The Taliban warned Wednesday it was ready to fight back after Afghan forces were ordered to resume strikes in response to a series of deadly attacks, further unraveling a fragile peace process.
A brazen daylight assault on a maternity hospital in Kabul on Tuesday — which killed at least 14 people including infants and nurses — was followed by a blast at a funeral in the country’s restive east, leaving 24 mourners dead.
President Ashraf Ghani blamed both attacks on the Taliban and Islamic State, ordering Afghan troops to “return to offensive postures, and resume their operations against the enemy”.
But the Taliban, which denied involvement in Tuesday’s attacks, warned it was “fully prepared” to counter any strikes by Afghan forces.
Taliban says ready to counter Afghan forces after deadly carnage https://t.co/1U7Gbp3u3N
— melotune.com (@melotuneC) May 13, 2020
“From now onwards the responsibility of further escalation of violence and its ramifications shall fall squarely on the shoulders of the Kabul administration,” it said in a statement early on Wednesday.
The aggressive posturing raises fresh questions about the fate of a hoped-for peace process that is teetering just as Afghanistan grapples with a public health crisis.
Ghani had earlier vowed to only react defensively to Taliban attacks to show good faith ahead of eventual peace talks, set out in a landmark deal between the insurgents and the US in February.
Read more: US-Taliban Peace Accord: Complexities of Peace Building in Afghanistan
The Taliban have largely abstained from launching any major attacks in Kabul and other cities since the deal was signed.
It has, however, carried out regular attacks against Afghan forces in several provinces.
They have blamed the Islamic State and elements of the government’s intelligence units for the latest attacks.
The Islamic State group said it was behind the funeral suicide bombing, but the hospital attack has not been claimed.
Top US officials, including Secretary of State Mike Pompeo who noted the Taliban’s denial of responsibility for Tuesday’s attacks, have urged the Afghan government and the militant group to ensure that the peace process succeeds.
“The Taliban and the Afghan government should cooperate to bring the perpetrators to justice,” Pompeo said in a statement.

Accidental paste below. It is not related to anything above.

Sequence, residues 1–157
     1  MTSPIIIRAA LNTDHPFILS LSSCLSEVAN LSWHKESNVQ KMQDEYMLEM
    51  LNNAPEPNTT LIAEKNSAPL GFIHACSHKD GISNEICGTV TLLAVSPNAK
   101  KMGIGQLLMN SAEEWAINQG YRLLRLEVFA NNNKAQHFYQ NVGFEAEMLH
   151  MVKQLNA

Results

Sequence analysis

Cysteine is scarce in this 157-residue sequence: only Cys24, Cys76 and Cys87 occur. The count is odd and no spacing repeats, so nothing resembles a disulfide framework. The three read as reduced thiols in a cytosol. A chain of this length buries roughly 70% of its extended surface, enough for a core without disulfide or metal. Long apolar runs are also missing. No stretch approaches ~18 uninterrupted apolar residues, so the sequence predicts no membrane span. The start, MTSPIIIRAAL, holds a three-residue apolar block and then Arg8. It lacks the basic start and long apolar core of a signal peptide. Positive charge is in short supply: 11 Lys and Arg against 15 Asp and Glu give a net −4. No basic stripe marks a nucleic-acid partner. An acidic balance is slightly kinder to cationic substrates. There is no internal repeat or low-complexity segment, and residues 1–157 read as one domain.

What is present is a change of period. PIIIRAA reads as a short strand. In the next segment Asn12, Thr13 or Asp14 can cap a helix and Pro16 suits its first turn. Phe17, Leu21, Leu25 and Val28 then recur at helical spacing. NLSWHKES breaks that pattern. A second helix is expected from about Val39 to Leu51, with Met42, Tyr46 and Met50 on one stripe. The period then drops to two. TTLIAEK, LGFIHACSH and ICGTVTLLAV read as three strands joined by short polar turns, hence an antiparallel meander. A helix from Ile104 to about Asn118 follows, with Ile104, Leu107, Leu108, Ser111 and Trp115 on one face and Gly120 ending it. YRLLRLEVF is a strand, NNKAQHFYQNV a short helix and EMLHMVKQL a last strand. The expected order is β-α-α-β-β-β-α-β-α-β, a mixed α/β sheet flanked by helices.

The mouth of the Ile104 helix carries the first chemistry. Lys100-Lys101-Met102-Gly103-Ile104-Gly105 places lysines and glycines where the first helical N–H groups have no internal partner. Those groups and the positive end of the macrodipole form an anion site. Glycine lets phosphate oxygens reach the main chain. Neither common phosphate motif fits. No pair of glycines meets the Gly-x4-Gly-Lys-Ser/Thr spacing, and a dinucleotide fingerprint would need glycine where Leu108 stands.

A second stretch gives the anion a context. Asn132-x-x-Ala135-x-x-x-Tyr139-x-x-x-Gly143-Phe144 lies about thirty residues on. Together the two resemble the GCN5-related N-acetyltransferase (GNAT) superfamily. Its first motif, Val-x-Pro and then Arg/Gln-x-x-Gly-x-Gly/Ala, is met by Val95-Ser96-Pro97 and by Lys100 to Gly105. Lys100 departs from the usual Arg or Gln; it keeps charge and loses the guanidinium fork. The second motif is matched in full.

The US Special Representative to Afghanistan, Zalmay Khalilzad, further pushed the two sides to work towards peace.
“Failure to do so leaves Afghanistan vulnerable to terrorism, perpetual instability, and economic hardship,” Khalilzad said on Twitter.
Talib, Afghan govt cooperation against a common enemy that perpetrates such crimes is necessary as is cooperation on containing COVID. Failure to do so leaves Afghanistan vulnerable to terrorism, perpetual instability & economic hardship. Now is the time to press forward on peace
— U.S. Special Representative Thomas West (@US4AfghanPeace) May 12, 2020
The accord with Washington sees all US and foreign forces quit Afghanistan over the next year.
Prisoner swap between Taliban and Afghan Government
The Taliban have broken off talks with the Afghan government on a prisoner exchange, the main step in peace talks being brokered by the United States after it agreed on a troop withdrawal pact with the armed group.
In a tweet first sent in Pashto around midnight on Tuesday (19:30 GMT Monday), the Taliban’s political spokesman Suhail Shaheen said its technical team would not participate in “fruitless meetings”, and the release of their prisoners was being “delayed under one pretext or another”.
Read more: Afghanistan violence rises amid US-Taliban talks: watchdog
“Therefore, our technical team will not participate in fruitless meetings with relevant sides starting from tomorrow,” Shaheen, who is based in Doha, said in a subsequent tweet in English.
But, unfortunately, their release has been delayed under one pretext or another till now. Therefore, our technical team will not participate in fruitless meetings with relevant sides starting from tomorrow.
— Suhail Shaheen. محمد سهیل شاهین (@suhailshaheen1) April 6, 2020
Washington signed a deal with the Taliban in late February that required the Afghan government – which was not a signatory to the accord – to free 5,000 Taliban prisoners, and for the armed group to release 1,000 pro-government captives in return.
The pact between the United States and the Taliban, under which US-led international forces will withdraw in exchange for Taliban security guarantees, is seen as the best chance yet of ending the 18-year war.
But peace hinges on talks between the US-backed Afghan government and the armed group. A prisoner exchange is meant to build confidence on both sides for those talks.
Taliban and Afghan government representatives have been holding talks in Kabul since last week to try to finalize the prisoner swap that was originally supposed to have happened by March 10.
AFP with additional input from GVS News Desk